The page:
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Dell and VMware CEOs on China/US trade tensions

Will escalating dispute bifurcate global trade?

SAN FRANCISCO–President Trump, to the detriment of some U.S. businesses, continues to escalate tariffs on Chinese goods and even went so far as to order American companies to exit the Chinese market. Given the global nature of supply chains and China’s dominance in electronics manufacturing, the trade war is particularly problematic for technology companies.

To give an idea of the impact, China-based Huawei has scrapped plans to invest in U.S. R&D and cut hundreds of employees from its Futurewei subsidiary. Similarly, Qualcomm and Intel and felt the impacts and even lobbied federal officials to curtail disruptions in component deliveries to Huawei.

In response to a question from a Chinese journalist, Dell Technologies CEO Michael Dell and VMware CEO Pat Gelsinger briefly discussed adjustments they’ve had to make and what the bigger picture is. The CEOs were fielding questions during a media Q&A at VMworld.

“The big context that I would suggest we think about,” Gelsinger said, is “we don’t think these disputes and issues will get resolved quickly. Against that long time period, we see the world as increasingly becoming two trading blocks,” in the East and the West.

He continued: “We believe every company needs to determine how it lives in a dual trading block, building up its supply chains, engagements, customers and the trading partners it works with assuming that’s a long-term trading block world. We’re committed to China and we’re adjusting how we work with that portion. We believe every company is in the process of figuring out how to live in this sort of dual supply chain, dual trading block world.”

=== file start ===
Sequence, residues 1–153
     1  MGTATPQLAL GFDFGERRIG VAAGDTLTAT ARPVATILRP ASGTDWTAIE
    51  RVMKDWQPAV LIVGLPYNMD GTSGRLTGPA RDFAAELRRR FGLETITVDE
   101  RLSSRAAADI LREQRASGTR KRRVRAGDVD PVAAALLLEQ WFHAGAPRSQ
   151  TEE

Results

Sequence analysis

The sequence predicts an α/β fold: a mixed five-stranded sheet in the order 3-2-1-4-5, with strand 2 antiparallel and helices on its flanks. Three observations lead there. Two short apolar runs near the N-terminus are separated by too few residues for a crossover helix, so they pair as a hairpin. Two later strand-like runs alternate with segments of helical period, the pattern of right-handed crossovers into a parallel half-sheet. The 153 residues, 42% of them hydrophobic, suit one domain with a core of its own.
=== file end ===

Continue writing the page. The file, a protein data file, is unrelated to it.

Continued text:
Following Gelsinger’s on-stage comments, Michael Dell hopped up from a seat in the front row, grabbed a mic and shared his thoughts.

“We have had to make some adjustments to our business to deal with the tariffs and will continue to make those adjustments. Our first priority is to ensure continuity of supply for our customers. Fortunately we’ve been able to do that. We have a very substantial business in China and outside of China that certainly relies on our global supply chain. We’ll speak with the government officials to encourage them to continue to work together to find a successful resolution to the current tensions, which we certainly don’t find to be productive to our business.”

 

 

 

ABOUT AUTHOR

Sean Kinney, Editor in Chief
Sean Kinney, Editor in Chief
Editor-in-Chief Sean focuses on multiple subject areas including 5G, Open RAN, hybrid cloud, edge computing, and Industry 4.0. He also hosts Arden Media's podcast Will 5G Change the World? Prior to his work at RCR, Sean studied journalism and literature at the University of Mississippi then spent six years based in Key West, Florida, working as a reporter for the Miami Herald Media Company. He currently lives in Fayetteville, Arkansas.

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